I counted 22 portable typewriters being used by ringside reporters working before a then world record indoor crowd of 35,460 - four Olivetti Lettera 32s, three Olivetti Lettera 22s, three Olympias, two Royals, a Hermes Bay and a Hermes 3000, plus eight I couldn't identify (I think I accidentally circled one of the many portable telex machines around the ring). See how you go with it:
The overhead photo was shot by Neil Leifer for Sports Illustrated. One minute, eight seconds into the third round, Muhammad Ali is slowly making his way back to his corner as referee Harry Kessler counts down a spreadeagled hometown hero Cleveland "Big Cat" Williams in a one-sided world heavyweight title boxing match at the Astrodome in Houston, Texas, on November 14, 1966. Ali's TKO is regarded by many experts as his finest performance, but that opinion obviously doesn't take into account Williams's poor health, nor Ali's win at the Stade du 20 Mai in Kinshasa in October 1974.
Just two years before he faced Ali, on the night of November 29, 1964, Williams was stopped by Dale Witten of the Texas Highway Patrol for suspicion of speeding. During a scuffle Witten fired his 357 Magnum and the bullet ripped through Williams's colon and right kidney, lodging against his right hip. In hospital he stopped breathing three times on an operating table. He had four operations over seven months, but he lost the kidney in June 1965, as well as more than 10 feet of small intestine, and the bullet remained in his body. Williams's purse for the Ali fight was absorbed by his 1964-65 medical costs of $67,615 - so he went into the ring against Ali knowing he would be taking a beating but getting not one red cent out of it. It was 21 years ago this week that Williams, returning home from dialysis treatment, was knocked down by a car in a hit and run accident while walking across a street in Houston; he died 12 days later, on September 15, 1999, aged 66.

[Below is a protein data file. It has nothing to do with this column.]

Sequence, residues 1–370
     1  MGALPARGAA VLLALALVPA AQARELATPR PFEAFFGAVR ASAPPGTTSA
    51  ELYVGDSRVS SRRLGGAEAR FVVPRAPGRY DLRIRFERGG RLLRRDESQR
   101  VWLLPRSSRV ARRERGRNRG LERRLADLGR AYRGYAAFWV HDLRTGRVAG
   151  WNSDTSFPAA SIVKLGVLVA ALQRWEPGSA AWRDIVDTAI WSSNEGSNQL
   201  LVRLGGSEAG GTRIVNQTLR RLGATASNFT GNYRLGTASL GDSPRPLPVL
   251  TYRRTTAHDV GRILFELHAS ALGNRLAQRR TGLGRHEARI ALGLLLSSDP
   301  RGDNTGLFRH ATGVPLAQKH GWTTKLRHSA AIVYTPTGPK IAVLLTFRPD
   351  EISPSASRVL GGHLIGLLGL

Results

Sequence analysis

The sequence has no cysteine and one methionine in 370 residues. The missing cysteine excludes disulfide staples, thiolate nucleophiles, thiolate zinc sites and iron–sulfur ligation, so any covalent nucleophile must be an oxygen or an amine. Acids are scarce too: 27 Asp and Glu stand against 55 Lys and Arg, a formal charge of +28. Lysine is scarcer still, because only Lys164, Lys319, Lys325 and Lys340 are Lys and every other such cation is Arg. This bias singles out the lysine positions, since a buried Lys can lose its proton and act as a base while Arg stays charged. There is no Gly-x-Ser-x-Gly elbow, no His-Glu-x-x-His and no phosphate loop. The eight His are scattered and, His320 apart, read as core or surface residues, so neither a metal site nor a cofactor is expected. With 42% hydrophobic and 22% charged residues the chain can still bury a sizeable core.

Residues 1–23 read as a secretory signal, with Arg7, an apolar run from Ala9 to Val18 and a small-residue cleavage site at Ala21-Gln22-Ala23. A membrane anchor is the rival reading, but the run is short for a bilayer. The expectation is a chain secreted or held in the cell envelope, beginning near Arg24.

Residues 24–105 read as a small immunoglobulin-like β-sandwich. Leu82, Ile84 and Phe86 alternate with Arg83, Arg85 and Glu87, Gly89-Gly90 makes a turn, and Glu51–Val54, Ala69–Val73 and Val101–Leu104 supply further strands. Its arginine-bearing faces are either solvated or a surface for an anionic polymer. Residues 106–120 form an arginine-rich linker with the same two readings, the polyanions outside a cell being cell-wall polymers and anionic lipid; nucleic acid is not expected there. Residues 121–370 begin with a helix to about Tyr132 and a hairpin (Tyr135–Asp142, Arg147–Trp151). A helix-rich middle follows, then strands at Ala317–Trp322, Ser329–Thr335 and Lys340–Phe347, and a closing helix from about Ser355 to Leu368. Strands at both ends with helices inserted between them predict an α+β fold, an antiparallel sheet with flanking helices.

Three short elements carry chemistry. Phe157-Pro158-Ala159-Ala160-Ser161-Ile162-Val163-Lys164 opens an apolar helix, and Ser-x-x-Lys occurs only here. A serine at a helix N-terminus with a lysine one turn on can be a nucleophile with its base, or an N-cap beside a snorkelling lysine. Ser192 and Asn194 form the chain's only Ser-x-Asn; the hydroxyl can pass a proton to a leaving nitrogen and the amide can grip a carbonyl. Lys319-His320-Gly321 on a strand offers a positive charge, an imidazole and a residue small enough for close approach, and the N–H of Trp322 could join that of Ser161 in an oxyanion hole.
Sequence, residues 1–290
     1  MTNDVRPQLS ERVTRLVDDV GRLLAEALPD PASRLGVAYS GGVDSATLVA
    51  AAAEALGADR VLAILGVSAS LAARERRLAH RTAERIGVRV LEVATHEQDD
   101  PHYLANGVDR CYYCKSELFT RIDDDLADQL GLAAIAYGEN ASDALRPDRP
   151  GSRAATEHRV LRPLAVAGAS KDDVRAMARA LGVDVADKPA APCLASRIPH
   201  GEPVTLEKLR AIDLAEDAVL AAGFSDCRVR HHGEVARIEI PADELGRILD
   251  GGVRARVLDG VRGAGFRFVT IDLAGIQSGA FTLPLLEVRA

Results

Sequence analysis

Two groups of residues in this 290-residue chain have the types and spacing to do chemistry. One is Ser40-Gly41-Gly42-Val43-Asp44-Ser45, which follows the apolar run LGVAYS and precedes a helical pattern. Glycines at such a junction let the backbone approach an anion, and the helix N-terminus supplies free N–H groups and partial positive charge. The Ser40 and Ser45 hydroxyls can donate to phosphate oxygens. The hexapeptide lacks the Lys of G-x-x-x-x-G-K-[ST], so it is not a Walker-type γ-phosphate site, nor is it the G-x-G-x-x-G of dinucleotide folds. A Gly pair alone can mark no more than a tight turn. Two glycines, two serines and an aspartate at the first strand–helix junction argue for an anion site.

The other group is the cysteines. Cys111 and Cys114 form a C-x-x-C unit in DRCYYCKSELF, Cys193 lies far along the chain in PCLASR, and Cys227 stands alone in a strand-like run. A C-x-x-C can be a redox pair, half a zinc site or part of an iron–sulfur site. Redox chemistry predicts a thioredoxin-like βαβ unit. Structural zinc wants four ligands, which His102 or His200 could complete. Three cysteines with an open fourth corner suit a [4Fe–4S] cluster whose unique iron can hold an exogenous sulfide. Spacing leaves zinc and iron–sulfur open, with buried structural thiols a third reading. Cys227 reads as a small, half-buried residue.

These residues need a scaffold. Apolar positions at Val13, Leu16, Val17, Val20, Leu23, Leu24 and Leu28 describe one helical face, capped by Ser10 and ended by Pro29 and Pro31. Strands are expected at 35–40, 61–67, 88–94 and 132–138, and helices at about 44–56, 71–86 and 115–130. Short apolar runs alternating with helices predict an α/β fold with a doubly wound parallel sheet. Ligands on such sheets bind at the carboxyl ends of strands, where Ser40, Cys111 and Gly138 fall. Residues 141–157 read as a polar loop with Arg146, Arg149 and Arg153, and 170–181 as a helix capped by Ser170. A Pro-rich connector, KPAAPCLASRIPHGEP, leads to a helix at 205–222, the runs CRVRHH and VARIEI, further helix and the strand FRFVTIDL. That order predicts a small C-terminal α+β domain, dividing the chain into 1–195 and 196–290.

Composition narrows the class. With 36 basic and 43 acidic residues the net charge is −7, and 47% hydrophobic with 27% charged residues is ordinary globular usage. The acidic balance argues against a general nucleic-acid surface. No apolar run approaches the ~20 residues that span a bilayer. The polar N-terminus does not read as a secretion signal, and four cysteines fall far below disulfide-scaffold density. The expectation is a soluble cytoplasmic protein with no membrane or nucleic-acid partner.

The Spokesman-Review, Monday, November 14, 1966.Where the Williams-Witten story diverges from parallels with today's Black Lives Matter issues in the United States is that Witten visited Williams to wish him luck the day before his fight with Ali, with both men saying they had "no hard feelings" toward the other. Williams gave Witten two ringside tickets, which he used to sit among the portable typewriters.